Whether MIAC has satisfied this burden is not at all clear. In support of its motion, MIAC presented affidavits and documents to the effect that it would not have issued the policy had Mrs. Brackin fully disclosed her condition either in the May 14 application or in the August 17 application amendment. Yet, by lumping together Mrs. Brackin's non-disclosures in this way, MIAC has made it difficult to determine whether the non-disclosures regarding Mrs. Brackin's treatments in 1984 alone would have rendered Mrs. Brackin uninsurable. Thus, while Mr. Brackin has offered no evidence to support his contention that these non-disclosures were not material, it may be that MIAC has failed to meet its initial burden of establishing the absence of a factual dispute on this score. See Fed.R.Civ.P. 56 (e).

 The court, however, need not resolve this issue, for there simply is no genuine issue of material fact that Mrs. Brackin misrepresented her condition when she signed the August 17 application amendment, and that these misrepresentations were material. Indeed, Mr. Brackin does not even attempt to argue otherwise. His only arguments are that the application amendment form was ambiguous as to whether it required Mrs. Brackin to update her condition to August 17, and that Mr. Reinert's explanation of the form led Mr. Brackin to believe that all it required was for Mrs. Brackin to attest to the truthfulness of her May 14 representations as of that earlier date. These arguments fail for two reasons.

 First, irrespective of what the application amendment form stated, the original application clearly provided that the insurance policy would not become effective under two circumstances: if at the time Mrs. Brackin made her first payment her health had substantially changed from the time she filed the application; or, if Mrs. Brackin had received medical advice or treatment during this period. No reasonable jury could find that after Mrs. Brackin had been diagnosed as having terminal cancer in August, 1985 her health remained substantially the same as the excellent prognosis she had reported in May. Nor could a reasonable jury find that Mrs. Brackin had not received significant medical treatment or advice during her 25 days of hospitalization in July and August. See Pistas v. New England Mutual Life Insurance Company, 843 F.2d 1038, 1040 (7th Cir. 1988) ("A person under treatment for stomach cancer, told by his physician that the disease is terminal, is not insurable at any premium significantly less than the face amount of the policy.").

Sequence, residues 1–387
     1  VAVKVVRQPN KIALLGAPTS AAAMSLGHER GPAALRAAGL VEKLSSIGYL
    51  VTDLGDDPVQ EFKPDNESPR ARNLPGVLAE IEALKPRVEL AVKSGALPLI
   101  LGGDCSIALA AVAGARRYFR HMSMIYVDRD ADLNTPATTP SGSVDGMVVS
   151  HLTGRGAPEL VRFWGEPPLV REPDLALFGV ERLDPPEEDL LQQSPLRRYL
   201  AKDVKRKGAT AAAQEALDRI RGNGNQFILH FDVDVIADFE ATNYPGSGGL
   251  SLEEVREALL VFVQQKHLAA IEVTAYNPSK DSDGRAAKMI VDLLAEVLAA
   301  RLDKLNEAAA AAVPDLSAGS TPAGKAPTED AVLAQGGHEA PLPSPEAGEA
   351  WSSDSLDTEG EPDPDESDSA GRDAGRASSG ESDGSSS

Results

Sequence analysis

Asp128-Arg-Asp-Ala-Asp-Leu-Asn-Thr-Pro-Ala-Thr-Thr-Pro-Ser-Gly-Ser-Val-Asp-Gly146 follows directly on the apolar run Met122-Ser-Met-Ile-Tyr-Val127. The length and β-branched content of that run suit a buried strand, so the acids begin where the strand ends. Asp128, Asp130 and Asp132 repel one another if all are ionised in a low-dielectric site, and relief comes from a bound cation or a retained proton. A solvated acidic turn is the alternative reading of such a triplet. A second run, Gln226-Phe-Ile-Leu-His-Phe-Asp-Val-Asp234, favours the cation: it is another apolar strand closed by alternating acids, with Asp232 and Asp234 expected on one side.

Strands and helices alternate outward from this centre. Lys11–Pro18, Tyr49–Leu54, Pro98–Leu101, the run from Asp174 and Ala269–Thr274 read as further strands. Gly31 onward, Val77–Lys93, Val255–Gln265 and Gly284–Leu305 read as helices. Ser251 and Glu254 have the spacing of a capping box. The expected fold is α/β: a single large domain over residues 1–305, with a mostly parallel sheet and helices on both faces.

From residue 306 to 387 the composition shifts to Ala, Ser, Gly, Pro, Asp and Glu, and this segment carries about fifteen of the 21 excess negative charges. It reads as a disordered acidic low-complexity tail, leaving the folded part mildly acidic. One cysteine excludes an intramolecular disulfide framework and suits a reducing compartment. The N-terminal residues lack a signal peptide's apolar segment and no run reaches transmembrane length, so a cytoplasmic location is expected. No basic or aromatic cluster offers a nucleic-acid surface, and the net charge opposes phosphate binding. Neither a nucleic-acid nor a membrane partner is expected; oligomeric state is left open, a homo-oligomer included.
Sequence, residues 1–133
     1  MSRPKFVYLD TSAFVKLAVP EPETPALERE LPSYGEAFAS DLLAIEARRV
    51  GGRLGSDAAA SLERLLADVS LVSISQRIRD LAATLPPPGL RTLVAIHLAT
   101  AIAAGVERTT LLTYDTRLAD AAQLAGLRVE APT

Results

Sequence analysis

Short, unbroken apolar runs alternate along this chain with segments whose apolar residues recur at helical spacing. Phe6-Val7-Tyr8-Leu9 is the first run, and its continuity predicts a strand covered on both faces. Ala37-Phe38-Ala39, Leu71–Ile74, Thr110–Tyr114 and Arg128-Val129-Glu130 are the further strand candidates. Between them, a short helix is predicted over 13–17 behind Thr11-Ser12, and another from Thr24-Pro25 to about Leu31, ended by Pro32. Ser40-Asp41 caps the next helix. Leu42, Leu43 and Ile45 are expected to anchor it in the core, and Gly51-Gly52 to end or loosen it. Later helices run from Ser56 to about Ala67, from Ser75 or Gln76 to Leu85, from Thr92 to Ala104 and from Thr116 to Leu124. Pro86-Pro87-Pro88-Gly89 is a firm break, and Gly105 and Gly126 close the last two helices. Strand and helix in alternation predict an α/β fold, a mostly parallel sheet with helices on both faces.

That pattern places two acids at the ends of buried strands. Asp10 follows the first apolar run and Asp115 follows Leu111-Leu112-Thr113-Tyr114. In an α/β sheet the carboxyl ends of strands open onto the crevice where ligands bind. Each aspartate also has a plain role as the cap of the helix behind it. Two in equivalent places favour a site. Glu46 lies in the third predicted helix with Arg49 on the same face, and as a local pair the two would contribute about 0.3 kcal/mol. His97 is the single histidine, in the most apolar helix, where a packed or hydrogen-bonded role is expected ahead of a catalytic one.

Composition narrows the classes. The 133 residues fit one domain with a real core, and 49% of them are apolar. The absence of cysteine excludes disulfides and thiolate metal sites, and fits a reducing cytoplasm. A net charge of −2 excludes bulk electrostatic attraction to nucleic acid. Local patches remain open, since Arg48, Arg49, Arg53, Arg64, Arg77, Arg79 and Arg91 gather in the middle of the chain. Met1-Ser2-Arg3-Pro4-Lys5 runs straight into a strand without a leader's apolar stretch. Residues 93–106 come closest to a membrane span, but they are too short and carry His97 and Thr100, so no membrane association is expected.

Second, this court cannot agree with Mr. Brackin that the August 17 application amendment form was ambiguous. Although the form did not specifically ask whether Mrs. Brackin had suffered a deterioration in her health after May 14, it did require her to affirm that "to the best of [her] knowledge and belief, the statements and answers in the application as amended by this form are true and complete as of the date this form is signed." (Emphasis added). Mr. Brackin attempts to alter the meaning of this statement by testifying to a purported conversation he had with Mr. Reinert, but that conversation would be admissible only if the written contract were ambiguous. Zale Construction Co. v. Hoffman, 145 Ill. App. 3d 235, 98 Ill. Dec. 708, 494 N.E.2d 830 (1986); Seeburg Corp. v. United Founders Life Insurance Co. of Illinois, 82 Ill. App. 3d 1034, 403 N.E.2d 503, 38 Ill. Dec. 272 (1980). It is not. Mrs. Brackin had the obligation to reveal to MIAC that her prognosis was no longer excellent. Because she failed to do so, no contract exists. Compare National Union Fire Insurance Co. v. Continental Illinois Corporation, 643 F. Supp. 1434, 1442 (N.D. Ill. 1986) (where insurance policy supplement failed to specify that insured had to update facts to date of supplement, "a reaffirmance of a prior representation reaffirms its truth only as of that date").


 MIAC's motion to strike portions of Mr. Brackin's affidavit is denied, but its motion for summary judgment is granted.

 DATE: March 15, 1989